• Thank you both for this post. I read your e-mails whenever they come in but this particular post came at just the right time for me, as I’ve been having a tough couple of days and reading this made me realise that I do more than one of these toxic things involuntarily. Now I can actively change my behaviour.

    Thank you!

  • My story is a long & painful one, but I am now free! I won’t waste anyone’s time (or my own) telling the story. I will share that I obtained a divorce after 40 years of his addiction(s) alcohol, sex, money. Of course I was not aware of my own denial, co-dependency, enabling, and PTSD (also toxic). People remain in toxic relationships because of their own issues that have not been worked on. Everyone has to “get it” when ever the time is right for them. It doesn’t mean that individual is stupid. We are emotional beings…not logical. After three years of therapy, and the undying love of our Creator, I have moved from surrender onto sanctity. I have worked very hard to evolve to where I am now. Letting go of expectations (a big one), negativity, taking everything personal, and the need for validation. This is what matters in our lives: LOVE, kindness, empathy, compassion, forgiveness (of yourself & others sets YOU free), living in the present moment (a big one) love & nurture yourself, because You Matter! And take some time to be of Service. We all have the power through technology to communicate positivity. We can re-wire our brains for the Hope of our world’s future. Live your Truth! :o)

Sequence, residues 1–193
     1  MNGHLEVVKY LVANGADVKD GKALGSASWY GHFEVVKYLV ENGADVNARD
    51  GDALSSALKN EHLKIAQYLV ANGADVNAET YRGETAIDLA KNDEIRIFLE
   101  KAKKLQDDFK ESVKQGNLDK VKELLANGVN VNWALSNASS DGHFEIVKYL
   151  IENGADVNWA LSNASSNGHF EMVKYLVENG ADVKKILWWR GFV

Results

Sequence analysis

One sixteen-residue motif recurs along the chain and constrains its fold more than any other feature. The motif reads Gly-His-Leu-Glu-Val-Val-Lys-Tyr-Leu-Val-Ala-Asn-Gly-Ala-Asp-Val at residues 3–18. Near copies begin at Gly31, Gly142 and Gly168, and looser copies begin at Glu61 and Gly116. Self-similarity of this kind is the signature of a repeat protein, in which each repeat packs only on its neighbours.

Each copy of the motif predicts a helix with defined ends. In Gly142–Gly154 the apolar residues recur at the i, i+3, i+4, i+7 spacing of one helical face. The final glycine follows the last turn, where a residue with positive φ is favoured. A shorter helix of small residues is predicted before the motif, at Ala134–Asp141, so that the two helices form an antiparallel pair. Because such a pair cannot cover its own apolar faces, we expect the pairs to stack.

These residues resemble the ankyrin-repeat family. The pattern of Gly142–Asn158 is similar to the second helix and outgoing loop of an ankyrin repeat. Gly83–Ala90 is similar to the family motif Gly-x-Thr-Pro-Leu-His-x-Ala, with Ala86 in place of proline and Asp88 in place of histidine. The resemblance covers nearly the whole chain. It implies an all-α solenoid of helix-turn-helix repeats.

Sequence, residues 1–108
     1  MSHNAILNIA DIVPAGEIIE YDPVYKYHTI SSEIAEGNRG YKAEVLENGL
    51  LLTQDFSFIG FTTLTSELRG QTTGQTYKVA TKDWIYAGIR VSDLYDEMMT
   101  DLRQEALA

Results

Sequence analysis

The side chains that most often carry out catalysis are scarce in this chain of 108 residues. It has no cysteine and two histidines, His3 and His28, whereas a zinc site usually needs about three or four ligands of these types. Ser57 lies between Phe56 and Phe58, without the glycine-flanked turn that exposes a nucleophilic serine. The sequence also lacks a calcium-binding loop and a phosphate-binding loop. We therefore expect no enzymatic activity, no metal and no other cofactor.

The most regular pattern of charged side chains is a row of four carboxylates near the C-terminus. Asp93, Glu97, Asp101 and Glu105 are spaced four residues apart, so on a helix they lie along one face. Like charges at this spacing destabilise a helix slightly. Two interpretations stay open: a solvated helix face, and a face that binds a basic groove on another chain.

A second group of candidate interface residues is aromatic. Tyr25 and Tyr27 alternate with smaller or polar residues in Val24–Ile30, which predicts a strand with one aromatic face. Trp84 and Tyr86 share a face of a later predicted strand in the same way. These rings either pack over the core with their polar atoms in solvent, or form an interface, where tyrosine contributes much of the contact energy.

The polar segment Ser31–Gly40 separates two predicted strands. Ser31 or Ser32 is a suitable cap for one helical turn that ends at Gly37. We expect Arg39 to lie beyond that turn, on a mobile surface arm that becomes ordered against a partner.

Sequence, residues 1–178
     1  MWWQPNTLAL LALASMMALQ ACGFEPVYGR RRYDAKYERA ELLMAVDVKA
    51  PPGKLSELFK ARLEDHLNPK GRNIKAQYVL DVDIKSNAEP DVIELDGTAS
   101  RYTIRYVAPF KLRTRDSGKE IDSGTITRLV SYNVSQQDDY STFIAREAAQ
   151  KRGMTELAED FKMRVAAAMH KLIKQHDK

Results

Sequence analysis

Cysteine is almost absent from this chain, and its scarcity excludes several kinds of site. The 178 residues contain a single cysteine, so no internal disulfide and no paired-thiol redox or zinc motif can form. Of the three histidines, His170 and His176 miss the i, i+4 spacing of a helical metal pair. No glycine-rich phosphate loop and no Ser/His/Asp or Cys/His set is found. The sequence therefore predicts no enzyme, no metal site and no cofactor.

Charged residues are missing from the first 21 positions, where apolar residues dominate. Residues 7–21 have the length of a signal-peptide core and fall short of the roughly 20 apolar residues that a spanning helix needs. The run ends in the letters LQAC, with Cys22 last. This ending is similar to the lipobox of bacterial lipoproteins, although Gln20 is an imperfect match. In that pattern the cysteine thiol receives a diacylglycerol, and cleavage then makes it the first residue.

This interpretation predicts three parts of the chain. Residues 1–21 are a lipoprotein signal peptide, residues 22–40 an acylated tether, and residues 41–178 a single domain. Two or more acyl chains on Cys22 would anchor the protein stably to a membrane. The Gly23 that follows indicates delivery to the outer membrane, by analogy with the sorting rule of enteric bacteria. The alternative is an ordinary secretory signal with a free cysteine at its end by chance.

• Thank you, Marc and Angel.

    A brilliant post. I find and reflect upon something new each time I read this… and I look at it frequently. Many things I can change and am currently changing.